Unmasking bloggers in India raises some interesting questions

First it was shutting down blog sites after the Mumbai bombings in 2006. This year it was attempting to snoop into communications conducted over BlackBerry’s. Now Google has been instructed to reveal the identity of an anonymous blogger in a defamation lawsuit filed by an Indian construction company against them.

The story on the Wall Street Journal reports that,

A small Indian construction-equipment company is demanding that Google Inc. disclose the name of a person who used its blogging service, in a case that could change the way the Internet giant does business in India.

The WSJ article needs a subscription to read (try BugMeNot) but another on Wired on the same issue ends on an interesting note,

This could potentially become an issue for bloggers bashing folks overseas, and set an example for cases regarding anonymity.  On the positive side, maybe it will encourage citizen journalists to back up their posts with more researched and trustworthy information.

A landmark ruling in California in 2006 gave bloggers protection from revealing their sources. In a case filed against Apple, the court ruled that

….online journalists and bloggers have the same right to protect their sources as all other journalists. The case was brought to court by Apple Computer demanding from a number of news website operators to reveal the source of confidential information posted about some of its products.

Apple did not appeal.

2 Comments on “Unmasking bloggers in India raises some interesting questions”

  1. Kulendra
    August 17, 2008 at 10:49 am #

    Interesting post, although this somehow confuses me more on something I’ve already had confusions.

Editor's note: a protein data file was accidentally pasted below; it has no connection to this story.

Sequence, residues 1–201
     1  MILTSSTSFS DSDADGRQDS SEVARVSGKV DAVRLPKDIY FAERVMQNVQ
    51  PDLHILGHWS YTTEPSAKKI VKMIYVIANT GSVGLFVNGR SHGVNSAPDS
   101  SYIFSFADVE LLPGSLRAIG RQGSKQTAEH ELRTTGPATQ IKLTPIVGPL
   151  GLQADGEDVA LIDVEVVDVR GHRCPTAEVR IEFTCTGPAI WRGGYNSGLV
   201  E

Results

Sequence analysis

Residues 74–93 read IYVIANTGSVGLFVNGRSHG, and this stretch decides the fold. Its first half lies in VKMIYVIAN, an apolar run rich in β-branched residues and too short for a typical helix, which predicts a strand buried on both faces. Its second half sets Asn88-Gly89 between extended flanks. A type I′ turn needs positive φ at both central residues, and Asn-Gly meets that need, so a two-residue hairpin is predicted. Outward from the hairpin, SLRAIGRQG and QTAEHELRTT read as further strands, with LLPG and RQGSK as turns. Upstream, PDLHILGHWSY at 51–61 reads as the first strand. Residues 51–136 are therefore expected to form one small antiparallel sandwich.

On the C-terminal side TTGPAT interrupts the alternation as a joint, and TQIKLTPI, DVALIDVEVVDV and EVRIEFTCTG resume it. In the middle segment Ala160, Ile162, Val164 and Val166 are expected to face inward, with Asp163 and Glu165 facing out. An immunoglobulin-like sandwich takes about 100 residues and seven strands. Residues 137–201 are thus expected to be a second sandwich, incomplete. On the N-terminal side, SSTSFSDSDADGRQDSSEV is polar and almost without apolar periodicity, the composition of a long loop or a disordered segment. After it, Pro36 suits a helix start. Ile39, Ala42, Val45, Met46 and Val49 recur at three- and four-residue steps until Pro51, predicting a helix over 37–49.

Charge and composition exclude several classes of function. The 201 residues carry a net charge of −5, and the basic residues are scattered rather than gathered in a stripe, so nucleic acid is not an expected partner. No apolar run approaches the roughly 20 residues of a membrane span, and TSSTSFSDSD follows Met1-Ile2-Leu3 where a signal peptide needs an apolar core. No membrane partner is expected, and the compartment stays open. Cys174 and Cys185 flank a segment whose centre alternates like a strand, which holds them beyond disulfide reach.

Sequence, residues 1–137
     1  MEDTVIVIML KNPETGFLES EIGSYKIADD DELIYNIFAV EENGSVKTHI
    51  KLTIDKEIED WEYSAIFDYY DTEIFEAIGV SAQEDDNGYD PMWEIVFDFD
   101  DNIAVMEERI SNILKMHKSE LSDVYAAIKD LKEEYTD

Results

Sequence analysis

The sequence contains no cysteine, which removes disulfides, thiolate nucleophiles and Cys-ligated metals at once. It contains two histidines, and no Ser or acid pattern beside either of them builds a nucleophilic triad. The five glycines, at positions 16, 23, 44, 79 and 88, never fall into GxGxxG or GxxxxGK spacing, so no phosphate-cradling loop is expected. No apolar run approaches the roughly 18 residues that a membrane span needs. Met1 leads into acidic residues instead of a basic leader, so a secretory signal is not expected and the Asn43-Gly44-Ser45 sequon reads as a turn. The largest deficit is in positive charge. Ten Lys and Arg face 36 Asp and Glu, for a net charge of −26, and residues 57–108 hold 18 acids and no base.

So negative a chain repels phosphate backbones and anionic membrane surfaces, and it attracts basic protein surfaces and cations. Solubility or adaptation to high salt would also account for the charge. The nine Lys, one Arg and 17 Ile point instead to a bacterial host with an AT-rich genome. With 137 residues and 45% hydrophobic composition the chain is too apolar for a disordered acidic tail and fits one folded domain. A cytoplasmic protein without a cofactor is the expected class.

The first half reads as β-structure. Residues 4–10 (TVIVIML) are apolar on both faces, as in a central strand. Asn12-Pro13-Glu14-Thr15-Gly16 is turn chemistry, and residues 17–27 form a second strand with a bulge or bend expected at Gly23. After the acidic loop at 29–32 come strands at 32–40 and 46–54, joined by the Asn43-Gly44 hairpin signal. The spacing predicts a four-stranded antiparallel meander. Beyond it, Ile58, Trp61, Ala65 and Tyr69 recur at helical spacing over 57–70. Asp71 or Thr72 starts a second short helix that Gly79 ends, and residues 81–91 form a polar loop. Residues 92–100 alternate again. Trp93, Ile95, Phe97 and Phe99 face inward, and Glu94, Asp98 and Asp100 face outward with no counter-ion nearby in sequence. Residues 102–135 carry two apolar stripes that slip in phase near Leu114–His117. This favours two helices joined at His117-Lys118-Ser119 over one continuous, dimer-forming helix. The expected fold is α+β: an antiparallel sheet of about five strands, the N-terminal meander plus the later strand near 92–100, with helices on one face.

In many instances, journalists claim that they have a right to keep the sources of their information confidentially. Is this by any chance legally recognised? Wouldn’t such recognition it self be discriminatory towards the rest of the society? (No one else can do that, why should they?)

    According to wiki (http://en.wikipedia.org/wiki/Journalism#Right_to_protect_confidentiality_of_sources) the legal status of this is pretty much the legal status of a normal person; at least thats how I see it, may be someone with a legal background can answer this.

Trackbacks/Pingbacks

  1. Journalism of the future? Problems and challenges. « ICT for Peacebuilding (ICT4Peace) - September 15, 2008

    […] New media producers often disregard the wider cultural, economic and political repercussions of the content they create. The challenge of hyper-local media is that it is both local and it isn’t. A local news story published on the web may pique national interest if the issue is connected to (or seen to be connected to) a larger debate. This is especially the case in violent conflict. This has serious implications for local content producers, both positive and negative, that need to assessed and managed. This includes identity protection.  […]

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